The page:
The Sketch: Bottle those tears, Mr Blair, you might need them again soon

Click to follow
The Independent Online

What a disaster yesterday was! I got caught in the rain biking to Parliament. Absolutely soaked I was, from the knees down. Wet trousers are uniquely uncomfortable don't you find? By an odd coincidence I had to pick up a pair I'd bought in the sales that were being hemmed and - yikes, sorry, it's a statement by the Prime Minister on the tsunami. Give me a moment to arrange my features.

What a disaster yesterday was! I got caught in the rain biking to Parliament. Absolutely soaked I was, from the knees down. Wet trousers are uniquely uncomfortable don't you find? By an odd coincidence I had to pick up a pair I'd bought in the sales that were being hemmed and - yikes, sorry, it's a statement by the Prime Minister on the tsunami. Give me a moment to arrange my features.

Ah yes, the wave. The devastation of the wave. Unimaginable power. Catastrophic natural disaster. Human tragedy. Entirety of the Indian Ocean, you know. Of course you knew. Marvellous generosity of the British people. VAT offset on charity sales. "None of us will not have been moved to tears," Mr Blair told us. Tears, real, tears. None of us was not moved to them, he said.

Was that true? No. Obviously not. Should it be true? Ooh, that's difficult. There's a lot of unhappiness in the world; once you start crying it's hard to stop. But at least, you may think, we're in safe hands again? Mr Blair's providing the emotional leadership we had been lacking all the while he was on holiday? And more than that, as he pointed out, while the British public had given £100m, he had authorised the pledging "all in all" of "around £200m of British government money."

"British government money", incidentally, is how he has taken to referring to British taxpayers' money. I've never heard the expression before. It's a neologism. But rather mad: it's as though he's saying it's his money.

I think we've reached a tipping point in our relationship with the Prime Minister. A significant proportion of us - who knows how many? - suspect this "emotional leadership" to be more sentimental than emotional. What's the difference? I've been wondering about this for 40 years.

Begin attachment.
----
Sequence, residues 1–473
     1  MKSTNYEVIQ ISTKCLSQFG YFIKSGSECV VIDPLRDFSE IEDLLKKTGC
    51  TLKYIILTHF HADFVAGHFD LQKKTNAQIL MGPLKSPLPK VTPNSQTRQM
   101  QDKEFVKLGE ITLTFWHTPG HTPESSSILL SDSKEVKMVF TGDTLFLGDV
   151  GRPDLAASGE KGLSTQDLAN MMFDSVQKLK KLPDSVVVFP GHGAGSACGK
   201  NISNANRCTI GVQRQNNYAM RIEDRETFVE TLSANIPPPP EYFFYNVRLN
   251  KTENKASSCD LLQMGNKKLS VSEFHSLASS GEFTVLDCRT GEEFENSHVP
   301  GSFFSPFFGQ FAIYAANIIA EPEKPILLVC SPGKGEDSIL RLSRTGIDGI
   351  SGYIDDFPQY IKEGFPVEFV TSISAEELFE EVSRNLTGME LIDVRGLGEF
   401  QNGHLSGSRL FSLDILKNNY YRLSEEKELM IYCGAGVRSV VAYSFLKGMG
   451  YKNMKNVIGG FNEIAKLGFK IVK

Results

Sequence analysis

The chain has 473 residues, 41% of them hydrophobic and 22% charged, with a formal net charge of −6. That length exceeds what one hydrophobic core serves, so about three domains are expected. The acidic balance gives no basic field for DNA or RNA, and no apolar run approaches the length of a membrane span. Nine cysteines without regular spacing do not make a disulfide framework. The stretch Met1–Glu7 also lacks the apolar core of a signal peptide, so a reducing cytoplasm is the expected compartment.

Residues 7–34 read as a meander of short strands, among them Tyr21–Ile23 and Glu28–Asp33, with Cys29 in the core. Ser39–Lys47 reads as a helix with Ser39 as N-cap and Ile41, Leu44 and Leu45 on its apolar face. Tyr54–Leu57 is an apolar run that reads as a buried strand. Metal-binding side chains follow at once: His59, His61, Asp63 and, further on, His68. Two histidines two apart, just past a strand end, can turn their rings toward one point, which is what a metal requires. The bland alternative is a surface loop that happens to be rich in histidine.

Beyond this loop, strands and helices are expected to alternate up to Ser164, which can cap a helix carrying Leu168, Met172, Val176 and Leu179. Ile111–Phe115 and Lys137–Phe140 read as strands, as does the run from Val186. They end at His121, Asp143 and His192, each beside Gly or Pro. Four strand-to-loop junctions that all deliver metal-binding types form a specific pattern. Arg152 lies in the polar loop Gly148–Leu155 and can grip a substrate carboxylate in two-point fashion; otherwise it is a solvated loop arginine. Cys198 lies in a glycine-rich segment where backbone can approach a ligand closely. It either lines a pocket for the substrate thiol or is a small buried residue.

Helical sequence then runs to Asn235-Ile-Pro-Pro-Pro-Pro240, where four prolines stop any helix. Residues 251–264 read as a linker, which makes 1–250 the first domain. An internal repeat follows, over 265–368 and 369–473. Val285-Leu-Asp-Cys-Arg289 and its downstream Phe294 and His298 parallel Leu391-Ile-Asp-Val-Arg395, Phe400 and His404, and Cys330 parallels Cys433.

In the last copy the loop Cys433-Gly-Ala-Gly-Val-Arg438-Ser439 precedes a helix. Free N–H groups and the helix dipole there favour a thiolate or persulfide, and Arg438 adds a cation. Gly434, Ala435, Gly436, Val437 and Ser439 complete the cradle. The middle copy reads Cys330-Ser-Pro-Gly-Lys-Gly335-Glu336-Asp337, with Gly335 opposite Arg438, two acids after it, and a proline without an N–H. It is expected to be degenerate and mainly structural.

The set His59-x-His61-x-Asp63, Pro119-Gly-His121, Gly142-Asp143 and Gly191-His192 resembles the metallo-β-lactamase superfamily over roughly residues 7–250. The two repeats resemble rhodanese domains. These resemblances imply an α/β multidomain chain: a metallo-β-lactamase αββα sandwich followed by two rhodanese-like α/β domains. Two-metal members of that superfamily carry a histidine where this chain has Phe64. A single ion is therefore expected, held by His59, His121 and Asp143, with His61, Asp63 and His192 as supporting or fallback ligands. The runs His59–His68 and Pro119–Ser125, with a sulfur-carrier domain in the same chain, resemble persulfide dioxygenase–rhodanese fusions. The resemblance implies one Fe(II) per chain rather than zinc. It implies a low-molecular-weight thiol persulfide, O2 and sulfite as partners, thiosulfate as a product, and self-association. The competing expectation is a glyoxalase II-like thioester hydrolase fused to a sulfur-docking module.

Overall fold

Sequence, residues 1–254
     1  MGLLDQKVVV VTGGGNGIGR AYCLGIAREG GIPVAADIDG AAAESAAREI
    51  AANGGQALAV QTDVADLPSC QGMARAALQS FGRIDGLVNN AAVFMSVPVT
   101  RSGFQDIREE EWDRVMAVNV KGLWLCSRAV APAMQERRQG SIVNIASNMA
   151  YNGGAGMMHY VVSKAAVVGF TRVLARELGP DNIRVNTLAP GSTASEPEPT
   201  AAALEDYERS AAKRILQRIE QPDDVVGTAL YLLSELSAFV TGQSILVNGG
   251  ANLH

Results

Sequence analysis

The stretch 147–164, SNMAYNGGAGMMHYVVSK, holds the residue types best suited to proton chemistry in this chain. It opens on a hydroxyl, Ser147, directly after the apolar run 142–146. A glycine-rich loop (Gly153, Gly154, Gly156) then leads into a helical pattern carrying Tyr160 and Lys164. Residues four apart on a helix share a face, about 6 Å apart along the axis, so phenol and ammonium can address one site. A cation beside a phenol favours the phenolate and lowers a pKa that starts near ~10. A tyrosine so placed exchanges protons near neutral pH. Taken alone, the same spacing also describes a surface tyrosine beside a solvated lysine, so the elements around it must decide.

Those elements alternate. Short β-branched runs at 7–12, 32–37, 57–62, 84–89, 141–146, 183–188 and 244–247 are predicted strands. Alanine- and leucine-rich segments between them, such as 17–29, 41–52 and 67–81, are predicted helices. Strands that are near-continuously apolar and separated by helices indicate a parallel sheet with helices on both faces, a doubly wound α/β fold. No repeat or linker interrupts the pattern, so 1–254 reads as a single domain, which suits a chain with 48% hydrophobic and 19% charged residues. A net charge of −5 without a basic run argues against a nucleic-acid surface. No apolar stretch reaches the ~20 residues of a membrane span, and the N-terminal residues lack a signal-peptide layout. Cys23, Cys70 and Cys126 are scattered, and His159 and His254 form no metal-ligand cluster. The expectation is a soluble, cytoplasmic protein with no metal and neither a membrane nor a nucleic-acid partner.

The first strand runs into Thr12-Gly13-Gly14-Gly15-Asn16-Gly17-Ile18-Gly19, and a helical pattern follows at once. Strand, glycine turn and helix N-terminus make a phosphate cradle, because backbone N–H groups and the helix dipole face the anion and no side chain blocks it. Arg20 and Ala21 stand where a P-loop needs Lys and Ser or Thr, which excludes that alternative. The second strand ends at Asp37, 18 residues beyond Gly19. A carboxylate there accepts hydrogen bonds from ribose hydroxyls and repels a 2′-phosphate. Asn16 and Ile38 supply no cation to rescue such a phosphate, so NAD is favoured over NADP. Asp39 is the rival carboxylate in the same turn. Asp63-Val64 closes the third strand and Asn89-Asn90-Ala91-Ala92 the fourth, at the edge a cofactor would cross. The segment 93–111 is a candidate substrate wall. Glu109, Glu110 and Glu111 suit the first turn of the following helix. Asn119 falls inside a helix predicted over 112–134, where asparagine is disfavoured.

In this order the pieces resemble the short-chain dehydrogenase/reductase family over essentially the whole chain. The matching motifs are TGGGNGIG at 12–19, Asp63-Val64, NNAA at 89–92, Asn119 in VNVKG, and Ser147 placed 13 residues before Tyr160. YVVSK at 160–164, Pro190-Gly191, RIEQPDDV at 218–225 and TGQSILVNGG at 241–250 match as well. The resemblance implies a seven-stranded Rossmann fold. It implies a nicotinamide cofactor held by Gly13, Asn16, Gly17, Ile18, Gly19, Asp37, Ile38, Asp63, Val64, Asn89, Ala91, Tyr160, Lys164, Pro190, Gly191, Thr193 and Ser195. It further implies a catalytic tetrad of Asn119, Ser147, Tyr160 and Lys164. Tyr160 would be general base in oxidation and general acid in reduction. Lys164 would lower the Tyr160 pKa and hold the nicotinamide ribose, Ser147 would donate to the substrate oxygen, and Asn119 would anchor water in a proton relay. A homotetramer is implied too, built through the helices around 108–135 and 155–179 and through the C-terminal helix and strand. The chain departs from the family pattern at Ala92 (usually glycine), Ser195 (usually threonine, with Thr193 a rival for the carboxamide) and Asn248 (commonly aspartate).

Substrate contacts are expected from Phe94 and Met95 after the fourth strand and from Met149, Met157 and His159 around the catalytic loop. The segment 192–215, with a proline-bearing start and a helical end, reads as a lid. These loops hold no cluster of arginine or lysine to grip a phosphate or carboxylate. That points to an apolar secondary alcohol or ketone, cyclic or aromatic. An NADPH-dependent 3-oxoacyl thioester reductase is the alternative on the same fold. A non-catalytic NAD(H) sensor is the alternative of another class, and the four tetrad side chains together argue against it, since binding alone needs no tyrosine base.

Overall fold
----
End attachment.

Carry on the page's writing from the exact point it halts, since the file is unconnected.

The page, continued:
En bref : "Sentimental" is always enjoyable and it doesn't change the way you are. "Emotional" is only sometimes enjoyable, and it changes your structure.

Has the tsunami changed your structure? Maybe it has, certainly if you've lost someone you've loved. Has it changed Mr Blair's? God only knows. Perhaps. I'd hazard this guess: almost certainly not.

If the tsunami really has changed these characters, if their internal structure has been reconfigured in a way that make them yearn for justice, then they will surely now address themselves to problems they can directly affect.

They won't be sermonising about the need for good governance in Africa (something they cannot affect) but threatening to bring the European Union to its fat and creaking knees if it doesn't abolish its homicidal tariff regime. This is something they can affect. Indeed, the tariffs that keep the Third World hungry - for all the Prime Minister's lachrymosity - sit directly on their account.

So if he did shed tears over the television pictures of the wave - as he elegantly hinted - I hope he bottled them, as professional mourners used to do, in centuries gone by.

simoncarr75@hotmail.com

Comments